David Zwirner may be opening a new space in Hong Kong in just a few weeks, but the mega-gallery is planning major expansion stateside as well. Today, Robin Pogrebin of the New York Times reported that Zwirner has finalized plans to open a five-story $50 million flagship in a new development on West 21st Street, set to open in 2020. It will be the first commercial gallery designed by Renzo Piano, the Italian architect who helmed the new Whitney Museum a few blocks down the High Line.
Zwirner already has two outposts in the neighborhood, and the plan is to keep the gallery on West 20th Street and close the one on West 19th Street. He also recently opened a space on the Upper East Side in Manhattan, and in addition to the nearly opened Hong Kong gallery, he has one in London’s Mayfair neighborhood.
Such expansion is significant, as while Zwirner is often seen as one of the top art dealers on earth, he has fewer gallery outposts around the globe than many of his high-flying peers—until his expansion boom of these last few months, there were just three Zwirner shops, compared to Gagosian’s 16. In an interview with Pogrebin, Zwirner addressed the push-and-pull between battling for global reach and maintaining personal relationships with his artists, and his search for a happy medium.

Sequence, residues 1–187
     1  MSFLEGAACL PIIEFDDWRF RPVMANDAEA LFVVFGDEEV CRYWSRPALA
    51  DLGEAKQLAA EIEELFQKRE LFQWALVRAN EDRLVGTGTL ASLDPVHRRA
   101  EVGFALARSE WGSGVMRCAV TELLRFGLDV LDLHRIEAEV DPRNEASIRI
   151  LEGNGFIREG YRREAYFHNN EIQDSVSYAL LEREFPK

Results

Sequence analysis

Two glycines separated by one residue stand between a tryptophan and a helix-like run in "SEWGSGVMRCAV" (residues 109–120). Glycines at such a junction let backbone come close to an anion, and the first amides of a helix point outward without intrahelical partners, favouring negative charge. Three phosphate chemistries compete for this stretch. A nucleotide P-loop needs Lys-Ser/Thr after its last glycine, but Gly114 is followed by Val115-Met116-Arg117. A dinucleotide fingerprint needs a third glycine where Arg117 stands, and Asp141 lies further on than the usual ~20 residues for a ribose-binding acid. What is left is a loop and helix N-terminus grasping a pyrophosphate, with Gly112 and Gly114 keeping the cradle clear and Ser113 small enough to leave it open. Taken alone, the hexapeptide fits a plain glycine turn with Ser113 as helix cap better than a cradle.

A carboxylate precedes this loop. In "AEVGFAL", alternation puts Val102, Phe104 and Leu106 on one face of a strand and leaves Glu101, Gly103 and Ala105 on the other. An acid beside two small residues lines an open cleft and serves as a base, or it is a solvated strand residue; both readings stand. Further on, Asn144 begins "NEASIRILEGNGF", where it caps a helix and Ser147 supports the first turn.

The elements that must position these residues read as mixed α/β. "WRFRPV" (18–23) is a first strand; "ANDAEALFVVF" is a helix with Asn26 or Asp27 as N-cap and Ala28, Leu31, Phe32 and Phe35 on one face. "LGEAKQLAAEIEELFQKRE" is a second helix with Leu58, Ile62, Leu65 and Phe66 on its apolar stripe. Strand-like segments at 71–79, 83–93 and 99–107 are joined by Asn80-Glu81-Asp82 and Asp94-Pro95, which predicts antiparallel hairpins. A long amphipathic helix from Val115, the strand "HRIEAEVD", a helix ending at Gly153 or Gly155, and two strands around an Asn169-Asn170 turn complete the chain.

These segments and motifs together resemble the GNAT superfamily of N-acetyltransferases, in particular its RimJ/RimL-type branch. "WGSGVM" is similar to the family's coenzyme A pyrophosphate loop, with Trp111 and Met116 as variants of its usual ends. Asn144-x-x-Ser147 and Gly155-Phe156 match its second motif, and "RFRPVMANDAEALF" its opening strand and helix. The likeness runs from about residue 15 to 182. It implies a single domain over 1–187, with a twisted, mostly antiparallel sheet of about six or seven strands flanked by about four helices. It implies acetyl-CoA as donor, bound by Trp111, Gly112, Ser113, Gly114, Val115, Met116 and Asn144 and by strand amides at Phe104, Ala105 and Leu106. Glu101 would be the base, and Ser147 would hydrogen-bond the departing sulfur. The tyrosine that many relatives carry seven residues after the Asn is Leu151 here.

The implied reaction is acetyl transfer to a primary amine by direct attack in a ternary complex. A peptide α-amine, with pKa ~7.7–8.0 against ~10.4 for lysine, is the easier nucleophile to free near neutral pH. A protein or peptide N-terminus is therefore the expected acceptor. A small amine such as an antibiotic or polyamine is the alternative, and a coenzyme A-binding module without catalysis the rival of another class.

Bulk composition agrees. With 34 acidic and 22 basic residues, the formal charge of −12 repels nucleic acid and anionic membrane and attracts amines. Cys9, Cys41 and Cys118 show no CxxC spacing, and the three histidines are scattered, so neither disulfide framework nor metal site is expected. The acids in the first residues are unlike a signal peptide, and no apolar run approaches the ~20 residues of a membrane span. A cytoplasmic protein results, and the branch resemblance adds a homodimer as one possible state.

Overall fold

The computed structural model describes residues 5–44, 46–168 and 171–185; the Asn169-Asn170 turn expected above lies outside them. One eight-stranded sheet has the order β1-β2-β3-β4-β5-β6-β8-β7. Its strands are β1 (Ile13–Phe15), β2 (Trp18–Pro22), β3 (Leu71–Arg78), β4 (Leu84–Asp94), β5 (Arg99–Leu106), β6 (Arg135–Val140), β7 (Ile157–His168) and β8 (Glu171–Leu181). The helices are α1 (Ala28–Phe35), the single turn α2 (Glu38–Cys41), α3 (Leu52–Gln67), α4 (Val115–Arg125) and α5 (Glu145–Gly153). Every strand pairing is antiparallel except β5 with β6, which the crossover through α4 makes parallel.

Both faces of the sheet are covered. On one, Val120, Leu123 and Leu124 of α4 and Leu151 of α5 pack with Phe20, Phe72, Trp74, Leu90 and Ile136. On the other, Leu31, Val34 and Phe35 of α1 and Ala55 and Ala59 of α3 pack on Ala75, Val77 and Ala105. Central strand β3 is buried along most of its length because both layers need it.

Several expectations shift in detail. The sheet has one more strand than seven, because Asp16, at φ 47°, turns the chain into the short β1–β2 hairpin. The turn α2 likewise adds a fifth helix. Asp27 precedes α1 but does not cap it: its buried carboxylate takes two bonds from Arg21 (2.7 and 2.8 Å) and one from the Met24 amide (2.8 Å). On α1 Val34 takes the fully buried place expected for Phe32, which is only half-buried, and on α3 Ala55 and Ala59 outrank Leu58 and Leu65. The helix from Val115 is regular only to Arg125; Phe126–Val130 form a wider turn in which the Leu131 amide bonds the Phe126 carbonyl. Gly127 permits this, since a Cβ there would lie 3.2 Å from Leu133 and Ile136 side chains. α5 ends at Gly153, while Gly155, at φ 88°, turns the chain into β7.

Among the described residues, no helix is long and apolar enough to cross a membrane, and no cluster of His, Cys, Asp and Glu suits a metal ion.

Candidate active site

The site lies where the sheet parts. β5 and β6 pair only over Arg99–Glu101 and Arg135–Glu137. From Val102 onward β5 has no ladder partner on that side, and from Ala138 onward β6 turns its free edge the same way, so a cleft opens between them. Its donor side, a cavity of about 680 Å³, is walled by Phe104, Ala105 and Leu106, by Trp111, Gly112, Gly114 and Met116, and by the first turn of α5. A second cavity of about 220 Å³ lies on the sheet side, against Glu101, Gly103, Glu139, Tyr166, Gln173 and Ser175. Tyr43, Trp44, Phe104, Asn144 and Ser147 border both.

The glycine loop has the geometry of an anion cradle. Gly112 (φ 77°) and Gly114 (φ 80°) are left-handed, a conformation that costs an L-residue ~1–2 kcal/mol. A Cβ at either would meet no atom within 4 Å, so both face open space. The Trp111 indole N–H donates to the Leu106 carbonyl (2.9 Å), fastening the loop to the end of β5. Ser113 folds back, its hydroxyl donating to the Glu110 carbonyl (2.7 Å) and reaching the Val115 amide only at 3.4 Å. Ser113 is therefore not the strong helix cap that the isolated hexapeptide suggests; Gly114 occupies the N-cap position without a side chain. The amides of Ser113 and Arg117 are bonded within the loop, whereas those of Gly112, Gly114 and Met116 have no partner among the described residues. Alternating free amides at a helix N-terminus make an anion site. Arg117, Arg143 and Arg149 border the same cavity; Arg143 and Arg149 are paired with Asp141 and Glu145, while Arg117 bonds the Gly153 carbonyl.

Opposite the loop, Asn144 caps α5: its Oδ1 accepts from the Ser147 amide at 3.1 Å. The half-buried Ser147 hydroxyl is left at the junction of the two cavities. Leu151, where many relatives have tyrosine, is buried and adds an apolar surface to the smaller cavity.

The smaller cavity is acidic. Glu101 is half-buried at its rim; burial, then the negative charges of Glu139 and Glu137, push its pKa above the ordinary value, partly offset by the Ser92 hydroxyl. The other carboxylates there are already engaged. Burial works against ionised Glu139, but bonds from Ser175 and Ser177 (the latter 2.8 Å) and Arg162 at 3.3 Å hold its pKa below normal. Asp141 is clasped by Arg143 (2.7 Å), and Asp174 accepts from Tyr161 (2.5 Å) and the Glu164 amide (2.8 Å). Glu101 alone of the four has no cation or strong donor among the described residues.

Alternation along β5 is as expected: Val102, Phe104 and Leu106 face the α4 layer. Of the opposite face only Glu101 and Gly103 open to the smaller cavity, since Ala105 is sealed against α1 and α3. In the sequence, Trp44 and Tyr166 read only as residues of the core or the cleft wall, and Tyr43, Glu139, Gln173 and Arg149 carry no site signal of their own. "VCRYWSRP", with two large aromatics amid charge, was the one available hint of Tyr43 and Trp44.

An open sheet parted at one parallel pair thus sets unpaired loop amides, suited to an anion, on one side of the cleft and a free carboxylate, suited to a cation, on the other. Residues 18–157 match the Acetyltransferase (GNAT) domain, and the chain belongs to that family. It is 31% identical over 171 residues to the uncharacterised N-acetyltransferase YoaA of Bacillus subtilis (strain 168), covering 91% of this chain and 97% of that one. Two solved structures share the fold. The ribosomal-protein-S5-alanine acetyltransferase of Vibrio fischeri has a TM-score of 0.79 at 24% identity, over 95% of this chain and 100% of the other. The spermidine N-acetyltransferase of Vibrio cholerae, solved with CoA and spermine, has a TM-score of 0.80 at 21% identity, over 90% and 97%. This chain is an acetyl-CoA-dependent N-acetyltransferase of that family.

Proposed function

“Artists want you to stay small; they hate when stuff changes,” he said. “How do you keep it intimate while being able to compete in the increasingly competitive art market?”
He added, “On the other hand, if you don’t move, some artists will feel you’re not doing enough for their careers. They want to have intimacy, but they also want to have the reach.”
The new space will be at 540 West 21st, formerly the home of nonprofit Eyebeam. It was purchased in 1997 by the nonprofit Atlantic Foundation, which sold the lot to Casco Development in 2014 for $50 million. In December, the firm filed plans for a 20-story building with 38 residential units—the gallery structure will be separate from the rest of the high-rise.
Three of the five floors will house galleries, with offices on the other two. When it opens in 2020, Zwirner says it will be the “center of gravity” for his growing stable of spaces.
In other Zwirner news, a profile in the latest issue of WSJ. magazine revealed that, years after losing the artist Franz West to Gagosian in 2000, the late artist’s estate has chosen to return to Zwirner.
“I opened my gallery with Franz West’s work in a small space on Greene Street, and I am incredibly honored, twenty-five years later, to represent his estate,” Zwirner said in a release.